Long waiters

Of the patients already waiting, the number of 104-week waiters has risen to 9,754 and the number of 52-week waiters is now 292,138. The 52-week wait figure is down 0.3 per cent from 293,102 in the previous month’s figures, while the 104-week wait figure is up from 7,980 in July.

The slight decrease in patients tipping over 52 weeks is unsurprising; the amount of clock starts in the summer 2020 was much lower than a typical month (either now, or pre-pandemic). However, the 104-week figures are historically high. Prior to 2020, the number of patients waiting over 52 weeks had not been above 7,000 since November 2011, and we now have 9,754 waiting over 104 weeks, with over 5,000 more patients about to reach this figure (100-104 week waiters).

This is of particular note in the context of the recently published H2 planning guidance, which asks systems to “eliminate waits of over 104 weeks by March 2022” and “hold or where possible reduce the number of patients waiting over 52 weeks”.

To eliminate waits of over 104 weeks by the end of March, over 150,000 patients waiting between 74 and 104 weeks in the latest data will need to have been treated, a significant challenge. Our members have told us of potential prioritisation challenges as we head into winter; you can read more on what the H2 planning guidance means for the elective recovery.

A&E

In addition to delivering additional elective care, the NHS has been dealing with unprecedented demand in emergency departments since this summer, with record type 1 attendances* (June was the highest figure since records began, at 1.44 million). The figure of 1.39 million type 1 attendances in September is more than the same month in 2018 (1.27 million) and 2019 (1.34 million) and at a time when the NHS is under added stress, including the need for infection control measures.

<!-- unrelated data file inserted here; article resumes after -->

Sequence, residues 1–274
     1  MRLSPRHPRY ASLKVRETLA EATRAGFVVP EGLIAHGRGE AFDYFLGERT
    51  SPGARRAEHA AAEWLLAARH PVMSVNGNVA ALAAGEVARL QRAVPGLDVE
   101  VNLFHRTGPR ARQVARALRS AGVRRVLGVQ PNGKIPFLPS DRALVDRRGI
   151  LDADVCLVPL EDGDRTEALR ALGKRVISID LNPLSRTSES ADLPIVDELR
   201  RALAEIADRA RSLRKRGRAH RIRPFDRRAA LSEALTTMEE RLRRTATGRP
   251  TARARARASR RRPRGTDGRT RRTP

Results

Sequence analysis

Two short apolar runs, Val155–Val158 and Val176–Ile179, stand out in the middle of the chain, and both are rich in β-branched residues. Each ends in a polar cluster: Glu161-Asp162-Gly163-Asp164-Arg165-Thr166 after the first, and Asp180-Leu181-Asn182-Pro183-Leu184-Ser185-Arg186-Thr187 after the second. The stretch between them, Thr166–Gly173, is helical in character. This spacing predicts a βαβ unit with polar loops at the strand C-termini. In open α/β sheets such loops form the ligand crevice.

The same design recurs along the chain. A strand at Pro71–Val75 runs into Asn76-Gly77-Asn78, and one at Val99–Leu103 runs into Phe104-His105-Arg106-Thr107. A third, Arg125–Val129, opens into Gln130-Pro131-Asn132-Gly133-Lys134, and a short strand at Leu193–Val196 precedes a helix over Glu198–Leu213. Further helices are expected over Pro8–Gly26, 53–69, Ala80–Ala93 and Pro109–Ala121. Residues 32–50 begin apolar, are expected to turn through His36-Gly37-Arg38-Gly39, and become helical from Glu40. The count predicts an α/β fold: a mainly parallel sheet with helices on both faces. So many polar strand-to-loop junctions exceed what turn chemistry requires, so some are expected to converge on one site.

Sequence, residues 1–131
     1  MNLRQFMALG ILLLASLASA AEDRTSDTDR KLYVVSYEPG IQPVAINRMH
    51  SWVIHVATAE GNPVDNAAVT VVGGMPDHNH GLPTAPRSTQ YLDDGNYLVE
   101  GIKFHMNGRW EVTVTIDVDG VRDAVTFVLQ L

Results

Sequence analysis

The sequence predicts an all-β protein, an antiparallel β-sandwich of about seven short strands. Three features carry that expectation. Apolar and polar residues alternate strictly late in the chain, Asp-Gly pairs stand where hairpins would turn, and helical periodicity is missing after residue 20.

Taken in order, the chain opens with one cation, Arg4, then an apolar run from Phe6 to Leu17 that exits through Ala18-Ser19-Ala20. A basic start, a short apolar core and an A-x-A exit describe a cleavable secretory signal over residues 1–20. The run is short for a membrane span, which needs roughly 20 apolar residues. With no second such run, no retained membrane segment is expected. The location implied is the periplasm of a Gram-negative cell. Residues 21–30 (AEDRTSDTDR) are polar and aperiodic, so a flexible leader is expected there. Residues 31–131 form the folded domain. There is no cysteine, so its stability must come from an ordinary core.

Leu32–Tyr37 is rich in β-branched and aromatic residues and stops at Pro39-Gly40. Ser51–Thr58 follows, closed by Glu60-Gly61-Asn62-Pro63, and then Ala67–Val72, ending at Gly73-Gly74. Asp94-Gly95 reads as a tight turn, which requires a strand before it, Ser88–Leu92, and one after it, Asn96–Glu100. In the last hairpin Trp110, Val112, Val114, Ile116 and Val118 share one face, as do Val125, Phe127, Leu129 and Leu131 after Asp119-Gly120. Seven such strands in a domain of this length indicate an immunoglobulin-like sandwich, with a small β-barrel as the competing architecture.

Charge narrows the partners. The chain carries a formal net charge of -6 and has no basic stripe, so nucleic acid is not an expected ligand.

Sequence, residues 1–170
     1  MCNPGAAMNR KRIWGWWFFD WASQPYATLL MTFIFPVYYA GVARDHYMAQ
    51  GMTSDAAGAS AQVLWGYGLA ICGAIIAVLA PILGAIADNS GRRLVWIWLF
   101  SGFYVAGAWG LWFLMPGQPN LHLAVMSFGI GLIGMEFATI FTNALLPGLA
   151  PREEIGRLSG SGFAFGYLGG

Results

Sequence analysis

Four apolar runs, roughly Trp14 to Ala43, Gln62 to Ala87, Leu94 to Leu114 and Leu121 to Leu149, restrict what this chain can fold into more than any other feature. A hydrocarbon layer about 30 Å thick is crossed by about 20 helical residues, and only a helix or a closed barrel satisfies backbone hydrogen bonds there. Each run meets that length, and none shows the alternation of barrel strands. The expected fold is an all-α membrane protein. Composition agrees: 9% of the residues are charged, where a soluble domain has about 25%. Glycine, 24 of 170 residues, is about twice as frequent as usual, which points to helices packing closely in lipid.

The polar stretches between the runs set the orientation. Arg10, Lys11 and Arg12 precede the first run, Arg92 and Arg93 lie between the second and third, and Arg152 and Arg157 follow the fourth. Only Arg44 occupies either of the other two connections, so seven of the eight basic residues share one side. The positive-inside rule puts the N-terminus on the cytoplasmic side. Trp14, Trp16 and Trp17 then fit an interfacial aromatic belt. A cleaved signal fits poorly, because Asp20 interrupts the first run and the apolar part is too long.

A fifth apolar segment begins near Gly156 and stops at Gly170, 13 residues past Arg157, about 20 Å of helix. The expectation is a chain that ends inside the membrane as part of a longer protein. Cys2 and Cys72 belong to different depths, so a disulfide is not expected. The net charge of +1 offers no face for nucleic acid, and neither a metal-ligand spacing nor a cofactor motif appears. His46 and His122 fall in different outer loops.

*Type 1 attendances are at major emergency departments. These are consultant led 24-hour services with full resuscitation capability.
 

This challenging picture is further evidenced by the considerable four-hour+ waits from decision to admit to admission, with a record 104,875 patients waiting more than four hours in September and over 5,000 patients waiting more than 12 hours for the first time since records began.

Ambulance

The latest figures show a continuation of record pressures on the ambulance service. In September, there were 946,707 calls answered by the ambulance service, well above the numbers in previous years and up more than 20,000 from August. In September 2019, this figure was comparatively much lower at just over 739,000.

Workforce

While the NHS faces winter pressures every year, 2021 is a uniquely difficult year as demonstrated by the demand pressures shown above. This is compounded by workforce challenges.

As shown in the data below, every region in England has experienced an uptick in vacancies over the first quarter in 2021/22. Although quarter 1 tends to show a slight increase as trusts review their staffing for the year ahead, these figures are something to keep a close eye on as concerns about staff burnout and postponed retirements have been regularly flagged by our members.

Pressure point: care home workforce

Alongside concerns about the NHS workforce, warnings about the dire situation in social care were highlighted by care leaders in early October. The latest Skills for Care report showed 105,000 vacancies in the adult social care sector being advertised on an average day in 20/21 – more than before COVID-19 – alongside a fear from care leaders that this could get worse due to the mandatory vaccination policy.

Data from NHS England in September – eight weeks ahead of the 11 November deadline when all workers in care homes in England must be vaccinated unless exempt – showed over 40,000 staff from adult and young persons care homes had not had their first vaccination; a concern ahead of the 11 November deadline.

With huge challenges around bed occupancy and NHS resource already, being unable to discharge medically fit patients could be an extra source of pressure on the NHS.